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Thursday 8 December 2016

I won't rest until we get justice: McConville daughter

Rebecca Black and Joanne Sweeney

Published 13/04/2015 | 02:30

Jean McConville
Jean McConville

A woman left orphaned by the IRA as a child has said she will not rest until Gerry Adams has been brought before the courts.

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Helen McKendry has also pledged that if she does not see justice in her lifetime, her children will fight on for her.

Her mother, Jean McConville, was dragged from her children by IRA members and abducted from her Belfast home just weeks before Christmas in 1972.

Ms McKendry, then just 15, cared for her younger siblings for several weeks. They were then split up and placed in the care of the state, still wondering what had happened.

The widowed mother-of-10 became known as one of the Disappeared. Her remains were finally located at Shelling Hill beach in Co Louth in 2003.

Last year, Mr Adams was questioned over the murder of Ms McConville. He was released from police custody without being charged.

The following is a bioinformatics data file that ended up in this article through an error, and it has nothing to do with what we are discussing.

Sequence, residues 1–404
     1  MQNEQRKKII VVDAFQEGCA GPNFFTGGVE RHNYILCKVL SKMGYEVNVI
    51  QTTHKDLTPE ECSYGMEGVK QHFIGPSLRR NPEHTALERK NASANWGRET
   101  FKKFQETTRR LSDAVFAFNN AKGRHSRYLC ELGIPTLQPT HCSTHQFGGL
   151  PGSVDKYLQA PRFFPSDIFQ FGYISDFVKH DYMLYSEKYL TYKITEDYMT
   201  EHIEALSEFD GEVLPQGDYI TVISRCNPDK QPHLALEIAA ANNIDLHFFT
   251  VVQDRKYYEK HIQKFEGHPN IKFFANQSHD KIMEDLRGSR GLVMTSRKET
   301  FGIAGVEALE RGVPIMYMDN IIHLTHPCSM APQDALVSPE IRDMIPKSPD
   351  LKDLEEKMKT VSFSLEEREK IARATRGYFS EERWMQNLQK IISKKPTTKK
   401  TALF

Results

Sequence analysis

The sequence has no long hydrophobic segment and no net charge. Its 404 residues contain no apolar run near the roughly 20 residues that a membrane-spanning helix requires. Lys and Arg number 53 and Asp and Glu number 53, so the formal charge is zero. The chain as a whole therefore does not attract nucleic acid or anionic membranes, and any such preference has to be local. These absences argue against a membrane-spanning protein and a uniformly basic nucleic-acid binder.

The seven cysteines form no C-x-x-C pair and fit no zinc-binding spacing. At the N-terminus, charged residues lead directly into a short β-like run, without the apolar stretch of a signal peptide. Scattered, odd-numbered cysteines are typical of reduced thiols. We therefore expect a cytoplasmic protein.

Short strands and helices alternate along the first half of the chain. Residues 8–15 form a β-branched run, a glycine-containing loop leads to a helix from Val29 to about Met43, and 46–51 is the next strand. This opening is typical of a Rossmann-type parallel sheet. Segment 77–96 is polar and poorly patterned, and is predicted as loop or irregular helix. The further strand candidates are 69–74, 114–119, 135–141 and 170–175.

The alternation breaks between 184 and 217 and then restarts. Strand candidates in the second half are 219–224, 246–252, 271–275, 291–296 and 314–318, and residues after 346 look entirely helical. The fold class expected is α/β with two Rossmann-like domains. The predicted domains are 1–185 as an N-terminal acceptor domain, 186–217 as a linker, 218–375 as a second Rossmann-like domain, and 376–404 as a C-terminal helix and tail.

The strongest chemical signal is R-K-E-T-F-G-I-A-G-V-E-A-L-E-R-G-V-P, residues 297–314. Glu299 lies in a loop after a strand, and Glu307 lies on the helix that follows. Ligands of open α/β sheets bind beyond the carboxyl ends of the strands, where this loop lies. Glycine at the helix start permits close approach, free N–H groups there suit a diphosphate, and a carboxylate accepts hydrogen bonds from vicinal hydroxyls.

Earlier this month, Sinn Féin president Mr Adams described the tragedy during an interview with a US television station as "something that happens in war".

Ms McKendry said: "That man just does not shock me anymore. I don't think he stops to think what's coming out of his mouth. I don't know why people would vote for a man like that."

She added: "I'm after the one who gave the order and I believe that was Gerry Adams."

Mr Adams has always strongly denied any involvement in the abduction and murder of Ms McConville.

Ms McKendry has also revealed that she believes the IRA had been watching the family home and had deliberately waited until she had gone out before snatching her mother.

As the oldest of the children she believes she may have been able to resist them.

"If I had have been there at the time, I would have put up a fight," she said.

She also described how hard it was as a young teenager to be suddenly in charge of a family after the death of both her parents within a year.

"We were all still coming to terms with the loss of my father, Arthur, in January of that year from cancer," she said.

"I had to take over the job of my mother, which was very hard because I was only 15.

"We were on our own for about 14 weeks. Every day got harder for me because I couldn't get the children to go to school.

"There was no food for them. I had to rely on friends' homes, where I would go in and steal food from their parents for us."

Irish Independent

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